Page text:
A horse's chestnuts are the obvious hard "callouses" on the inside of the leg, often quite high up.
The chestnut is the equine equivalent of the dew claw in dogs - a vestigial toe that has migrated up the leg. They sometimes grow quite long and may have to be gently trimmed back (it's dead material like hair, so this doesn't hurt the horse, although grabbing and twisting the chestnut hard does - people sometimes use this to force a particularly recalcitrant horse to lift its head).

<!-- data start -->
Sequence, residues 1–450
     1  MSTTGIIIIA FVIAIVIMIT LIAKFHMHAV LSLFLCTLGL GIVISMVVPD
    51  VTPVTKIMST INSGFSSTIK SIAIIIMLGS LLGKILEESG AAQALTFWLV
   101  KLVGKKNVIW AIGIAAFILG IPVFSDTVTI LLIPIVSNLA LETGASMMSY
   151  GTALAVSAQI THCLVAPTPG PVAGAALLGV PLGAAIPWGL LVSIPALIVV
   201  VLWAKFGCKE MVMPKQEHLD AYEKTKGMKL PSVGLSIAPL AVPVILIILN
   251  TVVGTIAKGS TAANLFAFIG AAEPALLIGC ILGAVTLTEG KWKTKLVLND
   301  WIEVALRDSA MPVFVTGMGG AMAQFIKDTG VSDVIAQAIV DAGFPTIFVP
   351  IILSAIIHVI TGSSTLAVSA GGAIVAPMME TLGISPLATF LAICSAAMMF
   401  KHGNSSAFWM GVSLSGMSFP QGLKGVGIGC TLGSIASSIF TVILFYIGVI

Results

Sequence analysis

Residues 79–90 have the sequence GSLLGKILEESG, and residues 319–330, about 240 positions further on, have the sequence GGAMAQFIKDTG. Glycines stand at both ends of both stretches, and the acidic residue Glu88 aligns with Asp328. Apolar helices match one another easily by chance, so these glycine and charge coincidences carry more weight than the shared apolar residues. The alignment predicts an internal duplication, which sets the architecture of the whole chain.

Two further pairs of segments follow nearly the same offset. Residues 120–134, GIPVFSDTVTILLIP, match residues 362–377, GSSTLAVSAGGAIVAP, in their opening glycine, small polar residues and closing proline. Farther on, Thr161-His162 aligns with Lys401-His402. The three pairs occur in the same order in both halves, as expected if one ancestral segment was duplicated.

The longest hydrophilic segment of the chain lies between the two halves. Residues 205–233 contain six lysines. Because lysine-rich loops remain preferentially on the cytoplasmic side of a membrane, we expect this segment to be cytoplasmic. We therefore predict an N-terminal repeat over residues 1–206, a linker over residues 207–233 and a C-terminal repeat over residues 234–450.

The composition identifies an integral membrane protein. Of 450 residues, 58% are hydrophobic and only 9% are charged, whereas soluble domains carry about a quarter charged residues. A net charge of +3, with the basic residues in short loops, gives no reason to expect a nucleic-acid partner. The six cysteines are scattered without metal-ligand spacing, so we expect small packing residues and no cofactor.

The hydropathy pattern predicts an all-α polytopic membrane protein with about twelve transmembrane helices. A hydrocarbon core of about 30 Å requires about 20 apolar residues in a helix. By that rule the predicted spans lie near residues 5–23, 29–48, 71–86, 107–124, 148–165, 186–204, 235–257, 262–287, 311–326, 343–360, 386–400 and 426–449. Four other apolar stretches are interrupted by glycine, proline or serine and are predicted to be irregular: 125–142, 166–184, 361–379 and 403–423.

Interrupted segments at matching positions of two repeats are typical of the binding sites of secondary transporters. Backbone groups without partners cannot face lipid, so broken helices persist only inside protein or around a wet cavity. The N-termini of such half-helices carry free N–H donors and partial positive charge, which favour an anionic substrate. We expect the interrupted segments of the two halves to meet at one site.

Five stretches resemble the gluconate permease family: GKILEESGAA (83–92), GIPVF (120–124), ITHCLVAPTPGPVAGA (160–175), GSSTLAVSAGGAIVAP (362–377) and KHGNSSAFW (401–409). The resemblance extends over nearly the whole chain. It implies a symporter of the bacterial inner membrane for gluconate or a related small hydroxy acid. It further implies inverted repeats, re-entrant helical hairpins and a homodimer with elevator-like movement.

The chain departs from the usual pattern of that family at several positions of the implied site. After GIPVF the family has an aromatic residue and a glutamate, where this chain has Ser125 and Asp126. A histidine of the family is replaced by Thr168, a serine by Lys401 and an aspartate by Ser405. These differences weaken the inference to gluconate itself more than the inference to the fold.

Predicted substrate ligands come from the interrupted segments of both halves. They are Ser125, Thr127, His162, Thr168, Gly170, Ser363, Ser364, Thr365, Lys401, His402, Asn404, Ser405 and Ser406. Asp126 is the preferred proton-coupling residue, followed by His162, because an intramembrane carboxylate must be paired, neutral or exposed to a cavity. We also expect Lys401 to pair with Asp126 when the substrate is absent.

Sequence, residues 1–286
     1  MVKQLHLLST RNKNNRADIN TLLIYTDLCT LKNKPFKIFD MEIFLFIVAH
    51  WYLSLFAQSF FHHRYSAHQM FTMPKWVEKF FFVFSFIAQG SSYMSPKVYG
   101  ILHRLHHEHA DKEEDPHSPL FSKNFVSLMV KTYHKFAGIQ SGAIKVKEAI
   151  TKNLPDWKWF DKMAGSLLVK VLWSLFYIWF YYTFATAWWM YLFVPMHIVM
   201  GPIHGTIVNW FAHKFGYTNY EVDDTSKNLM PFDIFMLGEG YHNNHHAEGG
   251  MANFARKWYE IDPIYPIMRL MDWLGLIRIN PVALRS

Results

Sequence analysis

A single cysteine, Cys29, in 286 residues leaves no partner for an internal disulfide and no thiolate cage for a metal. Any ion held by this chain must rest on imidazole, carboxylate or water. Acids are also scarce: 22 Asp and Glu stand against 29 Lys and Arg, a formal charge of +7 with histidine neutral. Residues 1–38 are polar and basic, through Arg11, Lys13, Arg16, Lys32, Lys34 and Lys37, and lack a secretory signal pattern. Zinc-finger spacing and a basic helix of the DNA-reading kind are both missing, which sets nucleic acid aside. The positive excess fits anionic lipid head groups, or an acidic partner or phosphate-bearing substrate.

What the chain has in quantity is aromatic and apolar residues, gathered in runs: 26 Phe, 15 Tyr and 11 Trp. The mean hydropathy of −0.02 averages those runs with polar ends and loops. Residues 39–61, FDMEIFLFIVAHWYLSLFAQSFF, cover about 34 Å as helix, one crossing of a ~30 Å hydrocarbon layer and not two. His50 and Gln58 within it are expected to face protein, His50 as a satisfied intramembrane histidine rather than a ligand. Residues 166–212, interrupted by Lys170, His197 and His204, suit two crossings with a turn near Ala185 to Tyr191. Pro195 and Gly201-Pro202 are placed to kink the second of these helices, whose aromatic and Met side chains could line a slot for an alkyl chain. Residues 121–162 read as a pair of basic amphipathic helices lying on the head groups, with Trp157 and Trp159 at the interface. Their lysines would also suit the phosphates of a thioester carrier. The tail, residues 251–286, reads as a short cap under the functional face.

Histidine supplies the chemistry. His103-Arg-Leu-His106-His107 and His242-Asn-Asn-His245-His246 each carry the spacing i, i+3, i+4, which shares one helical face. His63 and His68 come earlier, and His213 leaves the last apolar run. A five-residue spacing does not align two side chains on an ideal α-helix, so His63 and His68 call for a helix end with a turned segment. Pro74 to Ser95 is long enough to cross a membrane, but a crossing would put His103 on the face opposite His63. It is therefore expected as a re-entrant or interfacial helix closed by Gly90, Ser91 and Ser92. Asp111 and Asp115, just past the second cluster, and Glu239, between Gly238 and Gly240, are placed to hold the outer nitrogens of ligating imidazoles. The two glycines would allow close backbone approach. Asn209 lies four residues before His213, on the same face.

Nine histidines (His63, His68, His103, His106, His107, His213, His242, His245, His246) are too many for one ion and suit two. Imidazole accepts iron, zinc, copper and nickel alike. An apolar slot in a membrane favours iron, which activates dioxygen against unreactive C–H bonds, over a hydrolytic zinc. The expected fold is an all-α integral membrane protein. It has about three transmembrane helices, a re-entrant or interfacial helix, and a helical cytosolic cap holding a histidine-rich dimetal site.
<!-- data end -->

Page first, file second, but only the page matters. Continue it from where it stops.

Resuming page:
Interestingly, asses and zebras have chestnuts only on the front legs. The hind chestnuts are also absent on some Caspian ponies and most Banker horses and Icelandic horses, but are present in the Przewalski's horse, suggesting they have been lost by these breeds. Mules rarely have hind chestnuts.